ENDARTERITIS of RENAL ARTERIES AND CORTICAL NECROSIS.-J. R. Bradford and T.W.P. Lawrence (Journ. of Path. and Bact.) record the case of a woman, aged thirty-six, confined with a stillborn child some days before admission, suffering from anuria. History mainly negative. Anemia and weakness, but no dropsy, headache, sickness, or convulsions; intellect clear to the last. The cortex of each kidney was found bright buff-colored, and sharply defined from the pyramids; microscopically the convoluted tubules were seen to be necrotic. This necrosis was due to thrombosis of all those branches of the renal artery which had reached an approximate diameter of 100 11-evidently of the so-called “interlobular" arteries; all branches of the renal arteries were extensively diseased, the media and especially the intima being thickened and sclerosed. The interstitial tissue of the kidneys was not increased. The patient thus presented the typical clinical picture associated with "obstructive suppression," while the morbid appearances were such as should, according to theory, have given rise to uremia. The authors hold that this case throws grave doubts on the view held by many “that uremia is independent of the mere retention of normal but toxic products that ought to be excreted." The case also shows the independence of renal endarteritis and extensive renal cirrhosis.-Ibid.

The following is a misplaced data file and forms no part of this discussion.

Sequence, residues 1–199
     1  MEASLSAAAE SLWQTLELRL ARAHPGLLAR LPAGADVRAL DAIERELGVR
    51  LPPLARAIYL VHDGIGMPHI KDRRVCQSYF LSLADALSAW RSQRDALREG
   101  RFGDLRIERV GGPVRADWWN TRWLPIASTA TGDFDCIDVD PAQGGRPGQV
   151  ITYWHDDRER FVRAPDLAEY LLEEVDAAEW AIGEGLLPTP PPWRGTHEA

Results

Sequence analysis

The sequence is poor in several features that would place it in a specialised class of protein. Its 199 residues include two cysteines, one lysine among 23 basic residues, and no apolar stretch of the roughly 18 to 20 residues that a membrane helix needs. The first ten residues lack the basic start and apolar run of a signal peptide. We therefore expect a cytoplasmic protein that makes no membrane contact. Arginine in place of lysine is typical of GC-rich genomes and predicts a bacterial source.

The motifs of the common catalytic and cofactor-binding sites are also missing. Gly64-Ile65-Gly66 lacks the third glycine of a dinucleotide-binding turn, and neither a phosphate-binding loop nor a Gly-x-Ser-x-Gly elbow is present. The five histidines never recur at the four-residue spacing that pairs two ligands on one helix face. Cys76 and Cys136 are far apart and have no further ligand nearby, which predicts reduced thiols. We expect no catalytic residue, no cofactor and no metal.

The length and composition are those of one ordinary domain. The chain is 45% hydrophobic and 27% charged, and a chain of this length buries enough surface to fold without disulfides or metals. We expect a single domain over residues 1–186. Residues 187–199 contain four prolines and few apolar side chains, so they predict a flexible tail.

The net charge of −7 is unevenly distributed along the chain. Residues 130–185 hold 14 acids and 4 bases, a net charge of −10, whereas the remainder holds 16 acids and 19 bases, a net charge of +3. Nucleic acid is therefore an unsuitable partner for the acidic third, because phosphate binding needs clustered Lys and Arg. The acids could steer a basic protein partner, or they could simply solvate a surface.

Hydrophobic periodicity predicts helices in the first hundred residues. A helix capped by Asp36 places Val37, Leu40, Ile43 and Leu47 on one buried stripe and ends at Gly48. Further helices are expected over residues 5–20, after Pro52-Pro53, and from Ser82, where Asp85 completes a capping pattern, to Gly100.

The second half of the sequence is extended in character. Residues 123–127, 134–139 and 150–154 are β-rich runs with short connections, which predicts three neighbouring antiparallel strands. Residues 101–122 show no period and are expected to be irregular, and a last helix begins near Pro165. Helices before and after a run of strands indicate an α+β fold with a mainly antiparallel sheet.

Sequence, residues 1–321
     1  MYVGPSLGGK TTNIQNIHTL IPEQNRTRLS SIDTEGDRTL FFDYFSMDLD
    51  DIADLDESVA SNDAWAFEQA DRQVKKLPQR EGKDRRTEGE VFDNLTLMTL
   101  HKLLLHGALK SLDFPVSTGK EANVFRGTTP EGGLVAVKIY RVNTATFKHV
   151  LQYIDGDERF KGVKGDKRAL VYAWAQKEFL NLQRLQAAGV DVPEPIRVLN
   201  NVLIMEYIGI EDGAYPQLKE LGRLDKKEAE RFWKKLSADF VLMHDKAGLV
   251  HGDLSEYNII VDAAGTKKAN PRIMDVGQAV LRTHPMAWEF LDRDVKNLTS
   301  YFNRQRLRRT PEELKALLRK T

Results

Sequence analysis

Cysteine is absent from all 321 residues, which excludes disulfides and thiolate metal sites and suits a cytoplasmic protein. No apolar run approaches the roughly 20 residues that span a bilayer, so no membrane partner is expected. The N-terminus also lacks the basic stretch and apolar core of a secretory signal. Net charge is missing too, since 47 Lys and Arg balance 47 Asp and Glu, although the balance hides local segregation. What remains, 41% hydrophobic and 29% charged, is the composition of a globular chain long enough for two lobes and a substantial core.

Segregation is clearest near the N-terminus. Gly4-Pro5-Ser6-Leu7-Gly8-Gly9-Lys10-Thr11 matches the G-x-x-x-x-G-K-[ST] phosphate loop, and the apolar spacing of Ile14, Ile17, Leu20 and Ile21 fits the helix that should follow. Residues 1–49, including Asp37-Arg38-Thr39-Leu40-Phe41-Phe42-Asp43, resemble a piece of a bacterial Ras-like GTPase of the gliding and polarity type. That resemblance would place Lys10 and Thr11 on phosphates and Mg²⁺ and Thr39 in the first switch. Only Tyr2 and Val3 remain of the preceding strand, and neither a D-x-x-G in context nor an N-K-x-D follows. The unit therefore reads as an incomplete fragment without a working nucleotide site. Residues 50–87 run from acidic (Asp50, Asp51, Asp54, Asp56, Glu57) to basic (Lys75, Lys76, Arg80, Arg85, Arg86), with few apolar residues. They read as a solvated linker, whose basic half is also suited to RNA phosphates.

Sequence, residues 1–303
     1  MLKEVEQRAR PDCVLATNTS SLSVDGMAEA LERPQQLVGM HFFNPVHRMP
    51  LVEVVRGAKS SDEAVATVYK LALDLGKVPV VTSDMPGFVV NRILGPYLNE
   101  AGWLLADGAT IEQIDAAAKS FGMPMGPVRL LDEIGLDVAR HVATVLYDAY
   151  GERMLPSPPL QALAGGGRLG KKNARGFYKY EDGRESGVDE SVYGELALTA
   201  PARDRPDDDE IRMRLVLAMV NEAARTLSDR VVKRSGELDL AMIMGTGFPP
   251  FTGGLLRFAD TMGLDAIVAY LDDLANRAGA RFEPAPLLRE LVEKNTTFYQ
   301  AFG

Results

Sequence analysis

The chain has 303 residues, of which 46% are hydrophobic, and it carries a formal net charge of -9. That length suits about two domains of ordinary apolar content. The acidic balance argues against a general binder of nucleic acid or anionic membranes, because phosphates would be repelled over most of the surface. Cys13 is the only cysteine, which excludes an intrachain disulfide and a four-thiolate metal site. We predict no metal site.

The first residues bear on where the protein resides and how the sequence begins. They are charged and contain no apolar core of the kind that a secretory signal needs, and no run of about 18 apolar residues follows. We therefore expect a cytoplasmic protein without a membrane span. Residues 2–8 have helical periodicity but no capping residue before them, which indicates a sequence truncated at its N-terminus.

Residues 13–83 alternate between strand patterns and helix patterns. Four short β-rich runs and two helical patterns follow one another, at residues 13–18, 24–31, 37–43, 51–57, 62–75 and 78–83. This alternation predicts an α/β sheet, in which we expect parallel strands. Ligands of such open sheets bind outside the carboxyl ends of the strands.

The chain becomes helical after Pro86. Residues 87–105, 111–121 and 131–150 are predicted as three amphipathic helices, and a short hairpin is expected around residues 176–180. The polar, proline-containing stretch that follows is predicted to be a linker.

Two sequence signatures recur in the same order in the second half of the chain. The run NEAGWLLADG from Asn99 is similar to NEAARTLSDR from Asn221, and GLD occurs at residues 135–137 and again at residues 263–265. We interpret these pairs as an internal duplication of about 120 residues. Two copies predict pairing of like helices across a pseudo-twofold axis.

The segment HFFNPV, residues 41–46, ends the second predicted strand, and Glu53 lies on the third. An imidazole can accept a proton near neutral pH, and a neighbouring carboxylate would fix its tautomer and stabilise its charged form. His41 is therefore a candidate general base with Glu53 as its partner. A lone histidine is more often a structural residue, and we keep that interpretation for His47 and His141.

TROPHIC LESIONS IN GENERAL PARALYSIS.--Cololian (Archives de Neurol., March, 1898,) records fifty-seven cases of general paralysis of the insane with reference particularly to the occurrence of trophic lesions in this disease. Of these cases thirty-three were men, twenty-four were women. The commonest lesion was found to be alopecia, which occurred in twenty-six cases. Changes in the teeth and nails occurred next in frequency, nineteen and seventeen cases respectively. Ichthyosis occurred in eleven cases, and other skin lesions (for example, bullæ, edema, and zona) with less frequency. General wasting occurred only in three cases, muscular wasting only in one case. Cutaneous pigmentation, hematuria, perforating ulcer, and erythema were only found in isolated cases. In most of the cases more than one trophic lesion occurred, and in only eight of the fiftyseven cases was there no evidence of trophic lesion.-Ibid.